With increased life expectancy, industrialized countries are facing a main challenge. Recent theoretical models, such as Positive Aging and Active Aging, counterbalance views that focus on physical and psychological decline linked with aging, and stress the ability elders have to maintain a satisfying quality of life both at the individual level and in the sphere of social relationships. The current paper refer to the Socioemotional Selectivity Theory (Carstensen, 1991) which states that, with age, the relative importance of specific goals would change to provide positive emotional experiences. The present study focuses on two main points: 1) the relation between emotions and aging; positive and negative emotions are expected not to be correlated, aging is expected not to imply a reduction of positive emotions and a consequent increase of negative ones; 2) the selection of significant partners and social goals; different choices are expected in function of age and life conditions, and should be positively related to emotional well-being. One hundred fifty-four participants, young (n = 53), active elderly (n = 50) and institutionalised elderly (n = 51), answered a paper-and-pencil instrument in order to measure positive and negative emotions, emotional satisfaction, choice of social partners, and goals. Coherently with the model, main results indicate independence of positive and negative emotions. Moreover elders do not indicate a decrease in positive emotions. They show lower levels of rage and anxiety than youth, instead. Moreover, active elderly and youth show similar response patterns. However, differently from SST expectations with the increase of age, giving importance to social aims favours in itself emotional well-being. Results indicate the need to deepen aging process not only in relation with life expectancy but also with life-styles.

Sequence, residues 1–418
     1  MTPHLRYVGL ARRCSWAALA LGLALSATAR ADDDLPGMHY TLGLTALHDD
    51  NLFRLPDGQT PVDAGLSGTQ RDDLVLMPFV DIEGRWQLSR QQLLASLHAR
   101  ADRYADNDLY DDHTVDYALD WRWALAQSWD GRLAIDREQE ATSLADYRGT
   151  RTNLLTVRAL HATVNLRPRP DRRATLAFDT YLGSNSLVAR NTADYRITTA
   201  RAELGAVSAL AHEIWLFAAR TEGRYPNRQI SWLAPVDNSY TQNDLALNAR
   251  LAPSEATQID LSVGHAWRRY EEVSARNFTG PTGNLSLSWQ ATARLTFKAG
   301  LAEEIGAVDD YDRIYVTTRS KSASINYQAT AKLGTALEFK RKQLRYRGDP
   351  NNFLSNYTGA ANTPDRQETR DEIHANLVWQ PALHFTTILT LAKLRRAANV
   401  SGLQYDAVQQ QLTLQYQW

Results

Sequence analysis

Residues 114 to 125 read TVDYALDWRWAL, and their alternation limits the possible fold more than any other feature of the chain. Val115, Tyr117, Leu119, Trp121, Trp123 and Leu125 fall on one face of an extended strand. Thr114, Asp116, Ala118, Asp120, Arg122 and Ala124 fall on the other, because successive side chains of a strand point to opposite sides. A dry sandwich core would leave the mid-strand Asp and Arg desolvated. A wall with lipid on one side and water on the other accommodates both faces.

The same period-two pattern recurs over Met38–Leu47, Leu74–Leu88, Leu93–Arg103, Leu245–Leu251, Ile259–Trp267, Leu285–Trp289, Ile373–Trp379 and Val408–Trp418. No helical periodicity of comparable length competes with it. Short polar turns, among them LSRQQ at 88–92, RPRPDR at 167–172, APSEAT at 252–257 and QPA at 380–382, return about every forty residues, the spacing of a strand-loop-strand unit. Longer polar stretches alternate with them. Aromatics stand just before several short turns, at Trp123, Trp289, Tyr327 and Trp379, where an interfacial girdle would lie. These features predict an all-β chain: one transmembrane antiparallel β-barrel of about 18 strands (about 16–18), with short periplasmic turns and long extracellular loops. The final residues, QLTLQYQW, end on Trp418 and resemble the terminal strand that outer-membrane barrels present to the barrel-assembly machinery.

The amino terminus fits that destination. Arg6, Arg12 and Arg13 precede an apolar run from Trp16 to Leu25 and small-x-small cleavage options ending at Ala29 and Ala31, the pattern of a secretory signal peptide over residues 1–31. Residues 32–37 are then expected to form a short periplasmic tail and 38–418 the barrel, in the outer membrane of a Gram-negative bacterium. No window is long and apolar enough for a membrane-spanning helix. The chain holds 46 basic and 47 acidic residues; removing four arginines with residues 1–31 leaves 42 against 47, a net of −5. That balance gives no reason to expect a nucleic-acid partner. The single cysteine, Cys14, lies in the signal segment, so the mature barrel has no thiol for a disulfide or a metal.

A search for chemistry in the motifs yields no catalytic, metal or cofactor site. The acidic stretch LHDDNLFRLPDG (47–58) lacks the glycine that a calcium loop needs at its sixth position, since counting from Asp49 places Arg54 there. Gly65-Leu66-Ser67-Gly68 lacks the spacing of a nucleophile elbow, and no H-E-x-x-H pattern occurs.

Keywords: Aging, emotional well-being, emotion regulation processes, Socioemotional Selectivity Theory.
Giulia Gasparini, Mauro Sarrica, Alberta Contarello, Emotion regulation processes, wellbeing and aging. a study on Carstensen’ socioemotional selectivity theory in "RICERCHE DI PSICOLOGIA " 1/2011, pp. 66-85, DOI:10.3280/RIP2011-001004